Making Multinationals Pay Their Share

My op-ed in today's Herald Sun is on the Coalition's decision to go soft on multinational profit-shifting, letting $700 million of revenue slip through their fingers.
We're Cheating Ourselves if Multinationals Don't Pay Up, Herald Sun, 2 January 2014

New York Governor Mario Cuomo once said that parties campaign in poetry, but govern in prose. In the same spirit, one Australian political party seem to think it can campaign for the middle, but govern for its base.

With the change of government, we've seen Prime Minister Tony Abbott's pre-election poetry turn into prose of a quite different character. Apparently, the secret to solving a "budget emergency" is to lower the tax burden on carbon emitters and remove a profits-based mining tax - measures that were anticipated to raise $17 billion over the next four years.

It's lucky we didn't have a 'budget catastrophe', or the government would have had to solve it by getting rid of income taxes and company taxes too.

In the meantime, Treasurer Joe Hockey has sternly told us that the "Age of Entitlement" must come to an end. So battlers are losing their income support payments, the School Kids bonus and low-income superannuation contribution.

But for billionaires, the age of entitlement will continue, with the Government keeping a tax-break for wealthy retirees, providing a tax cut to mining billionaires and hoping to give them back the private health insurance rebate.

Yet one of the most disturbing decisions of the government has been to keep a $700 million tax break to multinational companies. In government, Labor's economic team - particularly former Assistant Treasurer David Bradbury - took careful measures to ensure that multinationals paid their fair share of tax.

Given that our tax base relies more heavily on company taxes than many other nations, that is an issue that matters a great deal to Australia.

There are several tricks that multinational firms use to shift profits out of Australia and into low-tax jurisdictions. For example, they might arrange for their Bermuda arm to sell their Australian arm a paperclip at a cost of $1 million.

The Australian arm claims that as a $1 million tax deduction and the money is effectively shifted offshore.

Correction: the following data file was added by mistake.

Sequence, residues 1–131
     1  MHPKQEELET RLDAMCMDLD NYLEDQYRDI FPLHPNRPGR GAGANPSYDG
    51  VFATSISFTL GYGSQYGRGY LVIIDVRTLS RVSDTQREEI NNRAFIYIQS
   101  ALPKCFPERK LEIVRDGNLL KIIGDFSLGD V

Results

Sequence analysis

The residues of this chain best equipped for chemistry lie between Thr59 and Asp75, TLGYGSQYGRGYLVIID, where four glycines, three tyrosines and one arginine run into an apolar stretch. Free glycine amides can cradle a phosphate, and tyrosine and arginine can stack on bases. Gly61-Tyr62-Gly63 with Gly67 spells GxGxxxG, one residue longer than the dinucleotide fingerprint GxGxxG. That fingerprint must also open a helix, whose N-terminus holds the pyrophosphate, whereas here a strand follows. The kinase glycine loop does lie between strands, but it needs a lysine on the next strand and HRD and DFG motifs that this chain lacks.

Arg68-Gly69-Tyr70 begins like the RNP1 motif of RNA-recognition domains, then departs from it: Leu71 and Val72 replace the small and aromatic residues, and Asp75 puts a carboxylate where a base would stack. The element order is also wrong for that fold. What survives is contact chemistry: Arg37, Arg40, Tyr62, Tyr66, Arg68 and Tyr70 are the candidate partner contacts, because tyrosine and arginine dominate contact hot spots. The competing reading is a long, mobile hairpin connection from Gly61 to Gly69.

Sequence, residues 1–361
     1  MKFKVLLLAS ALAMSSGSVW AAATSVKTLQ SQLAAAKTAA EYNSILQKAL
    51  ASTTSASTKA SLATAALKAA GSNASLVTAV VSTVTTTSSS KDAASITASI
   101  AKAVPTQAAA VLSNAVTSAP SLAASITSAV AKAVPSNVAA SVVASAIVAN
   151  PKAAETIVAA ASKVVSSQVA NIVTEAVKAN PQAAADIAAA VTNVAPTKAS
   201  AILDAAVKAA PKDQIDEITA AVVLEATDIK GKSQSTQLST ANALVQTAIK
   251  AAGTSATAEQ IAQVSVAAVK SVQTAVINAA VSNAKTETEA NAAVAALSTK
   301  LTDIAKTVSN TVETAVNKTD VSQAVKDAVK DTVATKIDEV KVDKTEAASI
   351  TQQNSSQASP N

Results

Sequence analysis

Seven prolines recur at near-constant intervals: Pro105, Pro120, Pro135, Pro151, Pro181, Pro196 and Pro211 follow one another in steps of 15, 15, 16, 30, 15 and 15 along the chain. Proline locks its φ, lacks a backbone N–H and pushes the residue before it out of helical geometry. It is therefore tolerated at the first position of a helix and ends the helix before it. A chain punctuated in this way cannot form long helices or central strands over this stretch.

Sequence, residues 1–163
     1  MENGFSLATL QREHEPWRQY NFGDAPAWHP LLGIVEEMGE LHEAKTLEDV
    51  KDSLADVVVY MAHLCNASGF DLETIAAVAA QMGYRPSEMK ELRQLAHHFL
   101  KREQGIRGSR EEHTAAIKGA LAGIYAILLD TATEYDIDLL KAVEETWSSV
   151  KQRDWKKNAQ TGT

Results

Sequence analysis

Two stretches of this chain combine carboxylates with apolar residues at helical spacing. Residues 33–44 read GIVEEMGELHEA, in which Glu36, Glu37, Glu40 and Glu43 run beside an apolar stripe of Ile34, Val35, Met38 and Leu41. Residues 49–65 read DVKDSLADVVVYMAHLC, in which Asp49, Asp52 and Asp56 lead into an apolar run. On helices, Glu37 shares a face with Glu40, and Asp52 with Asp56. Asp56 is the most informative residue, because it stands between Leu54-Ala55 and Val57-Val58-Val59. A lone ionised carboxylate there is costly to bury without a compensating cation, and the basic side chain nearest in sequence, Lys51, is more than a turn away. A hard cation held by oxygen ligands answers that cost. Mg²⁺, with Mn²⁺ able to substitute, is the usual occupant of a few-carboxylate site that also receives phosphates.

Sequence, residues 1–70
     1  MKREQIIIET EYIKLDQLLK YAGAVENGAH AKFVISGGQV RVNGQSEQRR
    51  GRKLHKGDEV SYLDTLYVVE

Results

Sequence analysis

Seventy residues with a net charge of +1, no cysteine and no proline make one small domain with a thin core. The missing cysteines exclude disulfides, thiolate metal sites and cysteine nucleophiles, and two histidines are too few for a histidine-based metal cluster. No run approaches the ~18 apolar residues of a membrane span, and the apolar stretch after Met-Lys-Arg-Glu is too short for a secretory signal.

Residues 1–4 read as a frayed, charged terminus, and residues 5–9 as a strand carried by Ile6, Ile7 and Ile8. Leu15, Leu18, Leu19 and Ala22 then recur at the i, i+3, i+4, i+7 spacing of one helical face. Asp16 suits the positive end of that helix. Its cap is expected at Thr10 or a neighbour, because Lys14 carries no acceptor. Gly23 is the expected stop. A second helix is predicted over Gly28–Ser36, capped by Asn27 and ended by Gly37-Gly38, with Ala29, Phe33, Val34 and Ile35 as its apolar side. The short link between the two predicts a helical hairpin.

Thankfully, that particular loophole is closed, but a similar trick can be played with debt. If the Bermuda subsidiary makes a multi-million dollar loan to the Australian arm, a million dollars a year can be shifted out of Australia in the form of interest payments.

The interest payment is a tax deduction in Australia and the profit is moved to Bermuda, where the company tax rate is considerably lower. Same thimbles, different peas. Now you see it, now you don't.

Labor believes passionately in the value of free enterprise. We support foreign investment. But we also believe in the fundamental Australian value that everyone should pay their fair share of tax.

Mr Hockey's announcement that he will forego $700 million of company tax revenue effectively means that he has to go harder on Australian households. A Treasurer who thinks it's better to take away money from children on their first day of school than ensure multinationals pay tax is one who is out of step with the Australian concept of the fair go.

The issue matters on the international stage too. Next year, the heads of the world's 20 biggest countries will come to Brisbane to talk economics. One of the big issues on the agenda will be making sure tax laws on multinational firms keep up with globalisation and technological change.

To maintain a fair tax system, we need to play a leadership role.

Under Labor, Australia was playing a strong role on making sure multinational firms paid their fair share of tax. Labor believes that all of us have a social obligation to contribute to shared services, like roads and railways, schools and public parks. More loopholes in the tax code eventually means more potholes in our roads.

One reason the issue hasn't received as much airplay as it should is that the tax arrangements for multinational firms are fiendishly complicated.

As an economist, I love the details, but I've spared you the technical terms and statutory provisions here, because they don't matter as much as the point of principle.

Unless we cut services or raise debt, every tax break to one person means a tax hike to someone else.

It's time Mr Hockey stopped getting tough with battlers and started muscling up to the billionaires.

Andrew Leigh is the Shadow Assistant Treasurer.

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